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- WHO Coordinator for Water, Sanitation, and Hygiene, Bruce Gordon says this report is the first to assess the importance of hygiene to good health
- The SDGs are calling for an end to open defecation, which perpetuates a vicious cycle of disease and poverty
Geneva, July 12, 2017: A new report finds more than two billion people lack access to safe drinking water and more than twice that number or 4.5 billion people lack safe sanitation. The report by the World Health Organization and U.N. Children’s Fund is the first global assessment of water, sanitation, and hygiene for the Sustainable Development Goals.
The United Nations reports nearly 850,000 people die every year from lack of access to good water, sanitation and hygiene. This includes more than 360,000 children under age five who die from diarrhea and many others from diseases such as cholera, dysentery, hepatitis A and typhoid.
The joint report by the World Health Organization and U.N. Children’s Fund finds people living in rural areas in sub-Saharan Africa and Asia are most at risk of disease and death from poor water and sanitation-related sources.
WHO Coordinator for Water, Sanitation, and Hygiene, Bruce Gordon says this report is the first to assess the importance of hygiene to good health. He says many homes, healthcare facilities, and schools have no soap and water for handwashing.
“The one figure I would kind of like to emphasize here is that in sub-Saharan Africa, 15 percent of the population only has access to a hand-washing facility with soap and water,” he said. “And, as we know, good hygiene is one of the simplest and most effective ways to stop the spread of disease.”
One of the U.N.’s 17 Sustainable Development Goals calls for universal and equitable access to safe water and sanitation for all by 2030. UNICEF Chief of Water, Sanitation, and Hygiene, Sanjay Wijesekera says such progress would have a knock-on effect on other development areas.
“For children, access to safe water, sanitation, and hygiene not only keeps them alive and healthy, but it gives them a chance to go to school and gain an education. It reduces inequality … and it just gives them a fair start to life,” said Wijesekera.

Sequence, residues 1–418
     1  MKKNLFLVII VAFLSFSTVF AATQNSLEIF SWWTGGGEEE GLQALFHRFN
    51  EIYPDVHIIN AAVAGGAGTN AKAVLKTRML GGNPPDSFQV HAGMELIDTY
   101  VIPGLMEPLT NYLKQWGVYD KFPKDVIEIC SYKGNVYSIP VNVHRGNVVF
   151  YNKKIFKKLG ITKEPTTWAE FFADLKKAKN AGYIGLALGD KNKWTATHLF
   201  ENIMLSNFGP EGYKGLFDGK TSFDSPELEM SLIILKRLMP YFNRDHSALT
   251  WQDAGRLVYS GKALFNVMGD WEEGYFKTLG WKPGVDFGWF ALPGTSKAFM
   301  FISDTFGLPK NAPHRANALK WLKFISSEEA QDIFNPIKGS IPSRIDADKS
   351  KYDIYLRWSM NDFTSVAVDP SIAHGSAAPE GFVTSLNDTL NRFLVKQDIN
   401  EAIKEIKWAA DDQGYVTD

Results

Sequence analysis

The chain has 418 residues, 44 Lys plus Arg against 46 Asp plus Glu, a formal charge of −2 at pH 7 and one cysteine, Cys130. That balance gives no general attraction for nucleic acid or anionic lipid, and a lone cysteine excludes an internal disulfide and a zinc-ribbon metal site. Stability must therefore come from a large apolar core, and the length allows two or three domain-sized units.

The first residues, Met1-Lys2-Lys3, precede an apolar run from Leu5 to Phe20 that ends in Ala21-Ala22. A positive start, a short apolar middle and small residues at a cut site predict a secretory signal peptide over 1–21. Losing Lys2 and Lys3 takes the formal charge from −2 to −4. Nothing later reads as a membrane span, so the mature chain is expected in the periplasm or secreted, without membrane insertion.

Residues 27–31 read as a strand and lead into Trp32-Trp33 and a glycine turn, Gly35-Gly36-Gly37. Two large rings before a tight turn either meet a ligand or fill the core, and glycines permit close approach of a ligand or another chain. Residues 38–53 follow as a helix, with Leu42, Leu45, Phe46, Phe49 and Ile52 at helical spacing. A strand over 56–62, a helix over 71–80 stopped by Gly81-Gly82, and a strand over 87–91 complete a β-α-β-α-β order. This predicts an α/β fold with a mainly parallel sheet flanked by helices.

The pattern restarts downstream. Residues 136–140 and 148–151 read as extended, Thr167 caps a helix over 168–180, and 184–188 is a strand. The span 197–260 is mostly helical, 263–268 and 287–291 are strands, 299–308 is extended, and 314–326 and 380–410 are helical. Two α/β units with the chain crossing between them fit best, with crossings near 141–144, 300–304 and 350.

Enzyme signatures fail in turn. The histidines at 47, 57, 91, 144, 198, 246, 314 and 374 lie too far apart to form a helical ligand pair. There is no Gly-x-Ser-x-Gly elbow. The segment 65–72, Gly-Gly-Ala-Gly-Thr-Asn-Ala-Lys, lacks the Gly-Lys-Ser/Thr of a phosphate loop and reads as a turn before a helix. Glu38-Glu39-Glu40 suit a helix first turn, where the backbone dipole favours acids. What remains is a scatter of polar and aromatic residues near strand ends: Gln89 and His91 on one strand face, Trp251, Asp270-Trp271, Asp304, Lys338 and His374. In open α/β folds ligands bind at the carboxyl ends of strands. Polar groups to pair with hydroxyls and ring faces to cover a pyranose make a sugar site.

The SDGs are calling for an end to open defecation, which perpetuates a vicious cycle of disease and poverty. Open defecation is practiced by more than 890 million people, mainly in rural areas, who have no toilet or latrine. (VOA)
London/New York: Social networking site Facebook has announced a partnership with French satellite operator Eutelsat Communications to provide free high-speed internet to get more Africans online by next year.
Scheduled to be launched in 2016, the AMOS-6 satellite is configured with high gain spot beams covering large parts of west, east and southern Africa.
Under a multi-year agreement with global satellite communication company Spacecom, Facebook and Eutelsat will utilise the entire broadband payload on the AMOS-6 satellite and will build a dedicated system comprising satellite capacity, gateways and terminals, Eutelsat said in a statement on Monday.
In providing reach to large parts of Sub-Saharan Africa, Eutelsat and Facebook will each be equipped to pursue their ambition to accelerate data connectivity for the many users deprived of the economic and social benefits of the Internet.
“We are going to keep working to connect the entire world even if that means looking beyond our planet,” Facebook founder Mark Zuckerberg said in a blog post. The project is part of Facebook’s ambitious Internet.org project.
Using state-of-the-art satellite technology, Eutelsat and Facebook will each deploy internet services designed to relieve pent-up demand for connectivity from the many users in Africa beyond range of fixed and mobile terrestrial networks.
“Satellite networks are well suited to economically connecting people in low to medium density population areas and the high throughput satellite architecture of AMOS-6 is expected to contribute to additional gains in cost efficiency,” the statement read.
The capacity will enable Eutelsat to step up its broadband activity in Sub-Saharan Africa that was initiated using Ku-band satellites to serve professional users.
Two years ago, Facebook announced Internet.org, an effort to accelerate the rate of connectivity by addressing the physical, economic and social barriers that are keeping people from getting online.
For Facebook, this satellite system represents one of many technology investments to enable cost-effective broadband access to unconnected populations.
It plans to work with local partners across Africa to utilise satellite and terrestrial capacity to deliver services to rural areas.
“Facebook’s mission is to connect the world and we believe that satellites will play an important role in addressing the significant barriers that exist in connecting the people of Africa,” Chris Daniels, vice president of Internet.org, said in the statement.
“We are looking forward to partnering with Eutelsat on this project and investigating new ways to use satellites to connect people in the most remote areas of the world more efficiently,” he added.
According to Michel de Rosen, Eutelsat chairman and CEO, “Eutelsat’s strong track record in operating ‘High Throughput Satellite’ systems will ensure that we can deliver accessible and robust Internet solutions that get more users online and part of the Information Society.”